US survives tough fight to regain spot on UN Human Rights Council

The U.S. survived a contentious vote to remain on the UN Human Rights Council, where it will be joined by a host of oppressive regimes that human rights groups say "systematically violate the human rights of their own citizens."

The U.S. was competing with four Western countries for three seats on the council in the only contested election at the U.N.'s top human rights body. Germany and Ireland also were elected to the council Monday by the 193-member General Assembly.

African, Asian, Eastern European and Latin American countries put forward uncontested slates, meaning candidates were virtually certain of winning seats on the 47-member council.

Several human rights groups have criticized a number of the candidates as unqualified, including ones from Ivory Coast, Ethiopia, Gabon, Kazakhstan, Pakistan and Venezuela.

"Pakistan, Venezuela, Kazakhstan, Cote d’Ivoire, Ethiopia, Gabon and UAE systematically violate the human rights of their own citizens," Hillel Neuer, UN Watch executive director, said in a statement Monday. "And they have consistently voted the wrong way on U.N. initiatives to protect the human rights of others."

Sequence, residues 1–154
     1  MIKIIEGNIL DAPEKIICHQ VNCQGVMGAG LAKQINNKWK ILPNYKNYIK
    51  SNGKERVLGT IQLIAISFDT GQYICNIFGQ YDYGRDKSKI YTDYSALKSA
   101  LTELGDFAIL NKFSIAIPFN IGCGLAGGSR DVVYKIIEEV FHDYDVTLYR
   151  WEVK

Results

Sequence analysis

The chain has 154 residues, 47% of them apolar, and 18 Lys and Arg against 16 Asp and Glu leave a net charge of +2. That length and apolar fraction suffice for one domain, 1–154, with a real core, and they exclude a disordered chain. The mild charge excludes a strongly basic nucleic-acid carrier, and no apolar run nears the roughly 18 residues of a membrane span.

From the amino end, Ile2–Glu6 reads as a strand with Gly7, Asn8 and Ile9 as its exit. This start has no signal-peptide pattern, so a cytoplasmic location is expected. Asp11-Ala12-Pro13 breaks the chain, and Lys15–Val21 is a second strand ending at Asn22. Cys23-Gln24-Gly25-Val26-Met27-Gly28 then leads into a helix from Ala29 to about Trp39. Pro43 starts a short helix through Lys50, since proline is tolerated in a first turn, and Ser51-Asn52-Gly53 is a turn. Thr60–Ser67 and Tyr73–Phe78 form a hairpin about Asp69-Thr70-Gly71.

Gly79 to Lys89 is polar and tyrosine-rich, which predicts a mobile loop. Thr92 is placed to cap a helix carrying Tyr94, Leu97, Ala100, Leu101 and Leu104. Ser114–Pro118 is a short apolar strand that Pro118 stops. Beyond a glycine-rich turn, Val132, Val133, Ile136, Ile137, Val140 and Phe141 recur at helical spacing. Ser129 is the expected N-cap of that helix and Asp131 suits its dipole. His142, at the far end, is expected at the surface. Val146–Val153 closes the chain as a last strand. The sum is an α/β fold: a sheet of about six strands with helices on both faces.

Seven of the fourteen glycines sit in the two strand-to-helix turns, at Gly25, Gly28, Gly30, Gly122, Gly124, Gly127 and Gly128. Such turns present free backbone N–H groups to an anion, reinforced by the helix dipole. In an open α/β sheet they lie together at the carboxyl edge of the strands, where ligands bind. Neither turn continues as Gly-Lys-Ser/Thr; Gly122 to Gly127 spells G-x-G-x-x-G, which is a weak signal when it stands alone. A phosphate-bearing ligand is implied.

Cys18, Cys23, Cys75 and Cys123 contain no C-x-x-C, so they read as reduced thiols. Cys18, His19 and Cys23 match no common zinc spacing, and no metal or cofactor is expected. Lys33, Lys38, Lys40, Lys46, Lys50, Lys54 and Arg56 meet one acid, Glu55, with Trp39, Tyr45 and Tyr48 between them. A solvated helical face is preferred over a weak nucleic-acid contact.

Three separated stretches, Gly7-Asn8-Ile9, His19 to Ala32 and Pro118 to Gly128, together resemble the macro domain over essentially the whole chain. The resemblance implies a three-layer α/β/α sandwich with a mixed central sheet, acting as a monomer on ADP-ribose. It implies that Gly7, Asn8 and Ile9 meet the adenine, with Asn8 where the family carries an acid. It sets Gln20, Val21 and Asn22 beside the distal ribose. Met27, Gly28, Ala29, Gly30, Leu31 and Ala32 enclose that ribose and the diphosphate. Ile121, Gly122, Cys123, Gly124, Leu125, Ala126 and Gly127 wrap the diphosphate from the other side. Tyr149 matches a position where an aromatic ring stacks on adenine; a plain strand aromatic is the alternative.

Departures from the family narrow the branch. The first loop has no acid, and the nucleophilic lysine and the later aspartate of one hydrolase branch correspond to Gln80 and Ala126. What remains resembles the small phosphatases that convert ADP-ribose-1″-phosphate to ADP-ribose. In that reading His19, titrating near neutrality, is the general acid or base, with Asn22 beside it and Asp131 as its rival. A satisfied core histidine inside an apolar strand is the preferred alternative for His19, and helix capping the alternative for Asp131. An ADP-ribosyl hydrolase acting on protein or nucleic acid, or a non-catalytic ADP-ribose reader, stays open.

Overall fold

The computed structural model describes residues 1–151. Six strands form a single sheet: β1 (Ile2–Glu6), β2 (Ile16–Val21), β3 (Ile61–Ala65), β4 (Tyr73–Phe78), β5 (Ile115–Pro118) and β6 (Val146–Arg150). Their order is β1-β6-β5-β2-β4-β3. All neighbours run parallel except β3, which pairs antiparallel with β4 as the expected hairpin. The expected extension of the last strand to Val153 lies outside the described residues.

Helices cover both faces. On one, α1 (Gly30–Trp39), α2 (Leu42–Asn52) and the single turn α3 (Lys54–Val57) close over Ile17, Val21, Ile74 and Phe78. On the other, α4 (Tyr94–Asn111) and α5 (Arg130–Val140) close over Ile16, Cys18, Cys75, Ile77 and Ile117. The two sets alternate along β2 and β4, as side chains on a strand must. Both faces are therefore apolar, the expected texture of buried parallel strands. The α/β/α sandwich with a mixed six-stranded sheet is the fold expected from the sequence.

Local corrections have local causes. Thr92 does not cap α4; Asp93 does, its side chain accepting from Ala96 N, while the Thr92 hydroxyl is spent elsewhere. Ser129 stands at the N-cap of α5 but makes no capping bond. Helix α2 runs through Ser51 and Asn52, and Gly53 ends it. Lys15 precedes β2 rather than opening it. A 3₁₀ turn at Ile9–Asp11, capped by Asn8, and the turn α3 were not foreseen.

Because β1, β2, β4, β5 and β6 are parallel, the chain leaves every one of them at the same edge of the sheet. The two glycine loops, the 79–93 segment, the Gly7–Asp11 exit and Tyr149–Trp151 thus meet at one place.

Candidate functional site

"It is an insult to their victims -- and a defeat for the global cause of human rights -- when the U.N. helps gross abusers act as champions and global judges of human rights," he said. 

"Chavez backs the murderous regime of Syrian dictator Bashar al-Assad, and threw a judge in jail after she released a political prisoner in compliance with a U.N. ruling," Neuer continued. "Pakistan has a Christian mother of five on death row and coddles the extremists who shot a girl in the head for advocating education for women and girls."

The five Western nations competing for seats -- the U.S., Germany, Greece, Ireland and Sweden -- were all deemed qualified by the rights groups.

Argentina, Brazil, Ivory Coast, Estonia, Ethiopia, Gabon, Japan, Kazakhstan, Kenya, Montenegro, Pakistan, South Korea, Sierra Leone, United Arab Emirates and Venezuela were also elected Monday to three-year terms beginning Jan. 1, 2013.

The Human Rights Council was created in March 2006 to replace the U.N.'s widely discredited and highly politicized Human Rights Commission. But the council also has been widely criticized for failing to change many of the commission's practices, including putting much more emphasis on Israel than on any other country and electing candidates accused of serious human rights violations.

Former President George W. Bush's administration boycotted the council when it was established because of its repeated criticism of Israel and its refusal to cite flagrant rights abuses in Sudan and elsewhere. But in 2009, then newly elected President Barack Obama sought to join the council, saying the U.S. wanted to help make it more effective.'s Cristina Corbin and the Associated Press contributed to this report.